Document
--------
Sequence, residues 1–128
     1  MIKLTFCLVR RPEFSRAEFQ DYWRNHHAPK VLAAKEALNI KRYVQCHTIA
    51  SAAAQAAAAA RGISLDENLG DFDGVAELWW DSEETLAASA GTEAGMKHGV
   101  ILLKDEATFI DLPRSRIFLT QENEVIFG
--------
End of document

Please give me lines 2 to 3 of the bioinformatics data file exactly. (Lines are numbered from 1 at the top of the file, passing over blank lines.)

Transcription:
     1  MIKLTFCLVR RPEFSRAEFQ DYWRNHHAPK VLAAKEALNI KRYVQCHTIA
    51  SAAAQAAAAA RGISLDENLG DFDGVAELWW DSEETLAASA GTEAGMKHGV